E. façade. Here the triangle of masonry between the apse and the two side-chambers is partly carved out in two wide V-shaped niches. The apse was lighted by a double window whose sills were at head height: however, the windows’ frames have been lost, apart from the outer vertical member of the r.-h. window. Here we can see a line of rosettes and other designs inside circles joined by knots… The composition centring on the window in the apse of the northerly chamber is reasonably complete. The window is flanked by tall panels. Engaged pillars rise between the panels and the window, and provide the support for the arches covering each of the three. Each pillar rises out of a sculptured element resembling a stepped base, which is probably modelled on a stele base. These bases bear very shallow decoration. One of the bases for the two engaged pillars which rose between the apse’s windows is left. Here five arches are deeply carved in the face of the base.
I have quoted extensively from Sinclair because, although not everything he saw in the 1980s survives, the church is still such a notable survival from the past that people should know what has already been lost, and what could very well be lost in the future if the ruin is neglected for much longer.
I returned to the house where the minibus had been parked and, after brief chats with everyone present, said goodbye with particular regret to the couple who had befriended me on the minibus from Pertek to Hozat. The young man ushered me into the front of the minibus, picked up a friend who wanted a lift to Hozat, and, after exchanging the V-sign with a few males gathered around an electricity pylon, we left for the main Hozat to Pertek road. The scenery along the dirt and gravel road all the way to the junction looked even more enchanting (especially because we were looking north toward the mountains around Ovacik), not least because I had attained the day’s first goal and it was only just after 1.00pm. I decided to risk a visit to Cemisgezek, even though I would probably have to rely on hitched lifts both ways.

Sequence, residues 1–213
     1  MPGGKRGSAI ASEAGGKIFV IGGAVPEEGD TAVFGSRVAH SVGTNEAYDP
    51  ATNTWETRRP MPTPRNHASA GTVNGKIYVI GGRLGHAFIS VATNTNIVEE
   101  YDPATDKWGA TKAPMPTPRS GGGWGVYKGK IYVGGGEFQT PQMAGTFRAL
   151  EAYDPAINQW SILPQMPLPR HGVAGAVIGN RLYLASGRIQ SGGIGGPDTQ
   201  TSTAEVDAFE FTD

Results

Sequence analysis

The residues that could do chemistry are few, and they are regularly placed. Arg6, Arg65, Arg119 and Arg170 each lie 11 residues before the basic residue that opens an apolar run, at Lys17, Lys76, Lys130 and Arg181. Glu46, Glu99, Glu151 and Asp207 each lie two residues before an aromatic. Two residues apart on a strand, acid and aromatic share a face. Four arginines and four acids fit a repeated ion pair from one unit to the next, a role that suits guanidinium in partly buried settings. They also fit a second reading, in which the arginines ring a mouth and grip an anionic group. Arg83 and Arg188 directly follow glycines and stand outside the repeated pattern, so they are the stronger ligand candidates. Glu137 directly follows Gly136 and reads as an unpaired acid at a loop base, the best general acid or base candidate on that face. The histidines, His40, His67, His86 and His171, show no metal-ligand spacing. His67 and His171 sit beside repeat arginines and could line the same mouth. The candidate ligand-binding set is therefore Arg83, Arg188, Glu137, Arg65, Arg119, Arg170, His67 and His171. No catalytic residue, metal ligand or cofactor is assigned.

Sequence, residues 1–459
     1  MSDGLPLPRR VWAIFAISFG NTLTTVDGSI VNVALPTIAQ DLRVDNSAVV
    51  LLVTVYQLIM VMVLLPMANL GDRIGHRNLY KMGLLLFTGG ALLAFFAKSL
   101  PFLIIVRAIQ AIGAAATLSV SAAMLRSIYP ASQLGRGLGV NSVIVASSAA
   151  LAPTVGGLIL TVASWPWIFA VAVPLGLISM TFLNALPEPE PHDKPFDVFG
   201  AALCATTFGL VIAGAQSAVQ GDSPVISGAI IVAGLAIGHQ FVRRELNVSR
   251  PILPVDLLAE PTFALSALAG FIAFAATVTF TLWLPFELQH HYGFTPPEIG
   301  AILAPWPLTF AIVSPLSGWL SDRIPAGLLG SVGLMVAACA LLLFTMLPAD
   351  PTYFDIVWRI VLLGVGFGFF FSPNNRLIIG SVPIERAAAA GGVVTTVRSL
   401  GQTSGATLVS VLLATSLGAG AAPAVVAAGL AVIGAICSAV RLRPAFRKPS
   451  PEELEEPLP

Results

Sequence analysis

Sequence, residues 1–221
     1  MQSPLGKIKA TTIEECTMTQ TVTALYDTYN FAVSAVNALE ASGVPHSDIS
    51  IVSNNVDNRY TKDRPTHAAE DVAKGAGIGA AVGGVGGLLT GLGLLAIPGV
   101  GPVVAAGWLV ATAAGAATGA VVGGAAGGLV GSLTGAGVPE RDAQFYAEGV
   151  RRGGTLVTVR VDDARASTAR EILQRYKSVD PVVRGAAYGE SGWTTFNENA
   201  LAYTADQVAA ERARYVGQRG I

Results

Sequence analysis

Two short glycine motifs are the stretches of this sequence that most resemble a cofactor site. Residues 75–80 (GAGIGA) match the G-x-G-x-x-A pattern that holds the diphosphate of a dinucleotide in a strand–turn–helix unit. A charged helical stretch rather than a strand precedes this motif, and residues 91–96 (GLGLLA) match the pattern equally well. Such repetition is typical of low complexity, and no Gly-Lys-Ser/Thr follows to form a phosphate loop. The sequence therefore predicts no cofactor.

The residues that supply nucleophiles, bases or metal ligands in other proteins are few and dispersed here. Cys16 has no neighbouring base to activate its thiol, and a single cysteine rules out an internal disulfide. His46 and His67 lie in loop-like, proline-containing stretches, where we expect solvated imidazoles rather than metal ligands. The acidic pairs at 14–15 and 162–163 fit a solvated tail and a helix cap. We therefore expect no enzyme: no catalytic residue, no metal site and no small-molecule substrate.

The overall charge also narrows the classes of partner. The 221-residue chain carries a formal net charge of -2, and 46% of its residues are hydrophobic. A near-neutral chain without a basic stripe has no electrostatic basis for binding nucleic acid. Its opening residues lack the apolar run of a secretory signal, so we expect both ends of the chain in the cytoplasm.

We arrived at the main road and I thanked the driver for everything he had done on my behalf. I offered to pay for at least some of the petrol he had used, but the money was waved away with an expression of mock anger. Not for the first time on the trip I could feel a tear or two welling up.
I began walking south and was soon ascending to a rounded summit with pasture and wild flowers from where I could see many kilometres in all directions. With the views changing very slowly, I could appreciate the landscape even more than in a car or a minibus, not least because nothing created an obstruction between me and my surroundings. I was in a stunningly beautiful part of eastern Turkey and thought longingly about how magical the road between Hozat and Ovacik must be. Another year, with luck.
After walking about 3 kilometres, two off-duty jandarma kindly gave me a lift to where the road from Hozat joins the road from Pertek to Cemisgezek. Before arriving at the junction, we stopped at a roadside cesme to fill our bottles with chilled water from a pure source in the nearby hills.